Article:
A Science-led Horizon Seen at the March for ScienceMay 11, 2017
Despite the day-long drizzle that doused marchers, participants in the Washington, DC March for Science returned to the lobby of the American Association for the Advancement of Science (AAAS) in high spirits. As scientists and non-scientists alike mingled amidst earth-inspired artwork, a latent energy permeated the crowd. The pre-march rally, with notable speakers such as Bill Nye the Science Guy and former US Chief Technology Officer Megan Smith, had amplified the desire of the attendees to do everything they could to support science. But a key question hung in the air: What could they do next?
While conversation on the topic undulated through the crowd, a GKI team was helping marchers channel their ideas through a not-so-subtle 8-foot tall Three Horizons poster, which invited them to think about their vision for an ideal future and the impact science could have on that future.
As marchers approached, they pondered the sinusoidal like curves that flowed the chart, wondering what the three horizons represented. Horizon 1 (The Present) was the role of science in American society today – both the good and bad. Horizon 2 (The Journeys), created a journey from the present to the future by linking the elements of the present that signaled either a positive or negative trajectory toward a vision for an ideal future in which science is cultivated and impactful (Horizon 3). This journey was presented as a list of concrete actionable steps that could be taken to move from the present to the ideal future.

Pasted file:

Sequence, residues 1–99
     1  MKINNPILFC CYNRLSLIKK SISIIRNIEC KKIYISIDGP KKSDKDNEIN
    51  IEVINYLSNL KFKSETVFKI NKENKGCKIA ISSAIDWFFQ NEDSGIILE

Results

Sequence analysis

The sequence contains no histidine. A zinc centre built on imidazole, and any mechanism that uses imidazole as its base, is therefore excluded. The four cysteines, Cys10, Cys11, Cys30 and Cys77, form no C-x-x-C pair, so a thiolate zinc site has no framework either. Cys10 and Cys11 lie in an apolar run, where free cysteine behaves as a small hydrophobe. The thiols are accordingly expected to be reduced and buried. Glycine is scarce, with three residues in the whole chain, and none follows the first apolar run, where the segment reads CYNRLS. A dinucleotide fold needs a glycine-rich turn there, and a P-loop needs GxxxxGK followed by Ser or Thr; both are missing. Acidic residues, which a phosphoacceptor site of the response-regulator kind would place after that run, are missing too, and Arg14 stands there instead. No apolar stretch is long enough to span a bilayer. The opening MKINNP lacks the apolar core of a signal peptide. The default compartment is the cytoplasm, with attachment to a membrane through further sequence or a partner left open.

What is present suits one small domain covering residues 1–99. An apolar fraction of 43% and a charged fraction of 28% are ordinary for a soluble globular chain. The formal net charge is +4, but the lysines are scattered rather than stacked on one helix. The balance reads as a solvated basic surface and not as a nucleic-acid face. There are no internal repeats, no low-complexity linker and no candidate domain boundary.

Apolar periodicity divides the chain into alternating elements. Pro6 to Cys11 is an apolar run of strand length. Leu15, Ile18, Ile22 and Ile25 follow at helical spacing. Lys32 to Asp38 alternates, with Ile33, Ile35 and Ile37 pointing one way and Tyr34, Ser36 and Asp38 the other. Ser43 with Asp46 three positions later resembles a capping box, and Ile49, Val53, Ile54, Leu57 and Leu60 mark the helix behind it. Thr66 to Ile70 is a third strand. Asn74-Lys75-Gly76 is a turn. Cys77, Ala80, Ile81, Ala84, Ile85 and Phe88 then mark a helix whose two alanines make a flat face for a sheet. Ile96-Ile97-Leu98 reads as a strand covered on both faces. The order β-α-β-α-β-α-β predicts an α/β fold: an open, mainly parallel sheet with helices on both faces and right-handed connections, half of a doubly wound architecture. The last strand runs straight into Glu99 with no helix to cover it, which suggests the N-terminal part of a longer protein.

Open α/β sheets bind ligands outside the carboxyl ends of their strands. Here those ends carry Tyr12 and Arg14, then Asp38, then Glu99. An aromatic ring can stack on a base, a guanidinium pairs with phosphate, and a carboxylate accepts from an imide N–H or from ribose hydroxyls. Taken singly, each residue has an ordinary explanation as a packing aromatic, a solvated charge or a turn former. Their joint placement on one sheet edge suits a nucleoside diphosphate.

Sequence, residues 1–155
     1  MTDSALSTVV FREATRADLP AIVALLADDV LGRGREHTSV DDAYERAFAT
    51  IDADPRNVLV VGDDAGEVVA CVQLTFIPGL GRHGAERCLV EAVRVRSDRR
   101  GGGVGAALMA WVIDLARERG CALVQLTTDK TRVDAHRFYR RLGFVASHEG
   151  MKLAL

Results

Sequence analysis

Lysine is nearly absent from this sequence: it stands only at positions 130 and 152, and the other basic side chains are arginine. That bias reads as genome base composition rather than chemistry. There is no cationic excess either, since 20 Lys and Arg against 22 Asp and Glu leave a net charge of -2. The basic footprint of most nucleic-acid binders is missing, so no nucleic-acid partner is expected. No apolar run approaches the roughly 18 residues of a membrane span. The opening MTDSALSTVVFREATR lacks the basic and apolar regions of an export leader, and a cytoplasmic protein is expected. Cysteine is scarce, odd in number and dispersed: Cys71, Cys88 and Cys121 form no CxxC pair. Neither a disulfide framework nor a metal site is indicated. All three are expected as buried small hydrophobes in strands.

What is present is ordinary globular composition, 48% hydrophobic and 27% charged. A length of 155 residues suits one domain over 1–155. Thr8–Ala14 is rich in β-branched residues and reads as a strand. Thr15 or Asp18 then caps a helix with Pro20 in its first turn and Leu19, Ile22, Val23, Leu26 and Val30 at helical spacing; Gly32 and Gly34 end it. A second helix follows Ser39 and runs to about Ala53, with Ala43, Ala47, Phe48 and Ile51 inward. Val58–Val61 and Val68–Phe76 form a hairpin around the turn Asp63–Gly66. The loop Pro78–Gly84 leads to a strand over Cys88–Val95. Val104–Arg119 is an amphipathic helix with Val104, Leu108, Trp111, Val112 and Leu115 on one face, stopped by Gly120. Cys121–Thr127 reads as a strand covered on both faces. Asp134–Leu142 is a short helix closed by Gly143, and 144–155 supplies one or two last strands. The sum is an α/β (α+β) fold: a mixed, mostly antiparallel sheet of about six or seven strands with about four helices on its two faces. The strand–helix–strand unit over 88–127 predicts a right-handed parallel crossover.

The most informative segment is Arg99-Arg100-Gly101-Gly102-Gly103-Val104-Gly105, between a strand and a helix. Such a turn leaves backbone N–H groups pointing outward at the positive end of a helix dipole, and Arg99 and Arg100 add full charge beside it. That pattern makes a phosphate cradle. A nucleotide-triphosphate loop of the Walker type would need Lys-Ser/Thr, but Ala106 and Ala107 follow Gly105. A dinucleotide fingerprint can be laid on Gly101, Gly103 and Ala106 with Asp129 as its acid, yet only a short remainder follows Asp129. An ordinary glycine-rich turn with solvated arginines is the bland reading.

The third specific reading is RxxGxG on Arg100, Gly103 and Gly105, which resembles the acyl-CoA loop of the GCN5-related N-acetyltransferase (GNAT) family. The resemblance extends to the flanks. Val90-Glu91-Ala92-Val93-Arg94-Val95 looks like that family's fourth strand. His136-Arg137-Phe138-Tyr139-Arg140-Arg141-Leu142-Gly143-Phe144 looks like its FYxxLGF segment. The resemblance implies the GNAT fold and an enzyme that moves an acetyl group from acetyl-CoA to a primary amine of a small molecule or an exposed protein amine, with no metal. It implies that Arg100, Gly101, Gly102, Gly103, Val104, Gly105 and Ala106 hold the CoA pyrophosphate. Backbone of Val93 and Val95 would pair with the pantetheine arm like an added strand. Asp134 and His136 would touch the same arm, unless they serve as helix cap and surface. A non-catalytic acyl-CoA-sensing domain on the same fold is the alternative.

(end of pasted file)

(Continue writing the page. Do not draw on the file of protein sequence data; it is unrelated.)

Marchers got creative while envisioning the ideal future. Ideas ranged from intergalactic travel to electing a scientist as President of the United States. Despite diversity, two central themes emerged: the ideal future would include widespread and inclusive science knowledge and the integration of science into the political decision-making process.
This reflects the recognition that it’s not that people don’t care or that they are ill-intentioned, but that science is often inaccessible to much of the population.
In Horizon 2, marchers proposed many potential pathways toward this ideal future, but one of the critical elements that arose was a desire for improving science education and communication. This reflects the recognition that it’s not that people don’t care or that they are ill-intentioned, but that science is often inaccessible to much of the population.
As marchers interacted with the GKI team and the Three Horizons poster, they appeared hopeful and thoughtful; the activity left them with a clearer vision of the future and, most importantly, what they could do to see that it occurs. As GKI Junior Program Officer Chase Keenen stated, “the seeds of the future are planted in the present.” The GKI team, meanwhile, left feeling inspired by the thousands of scientist-advocates with whom GKI will undoubtedly interact in the future, leading problem-solving networks to address the world’s most intractable challenges.
Note: this post was written by our passionate science-loving intern, Meryl Kruskopf, who will be leaving us shortly to move on to her next adventure working in a National Park on the West Coast. Thanks Meryl for your great work!
Top photo taken by Becker1999 from Grove City, OH (March for Science, Washington, DC) [CC BY 2.0 (http://creativecommons.org/licenses/by/2.0)], via Wikimedia Commons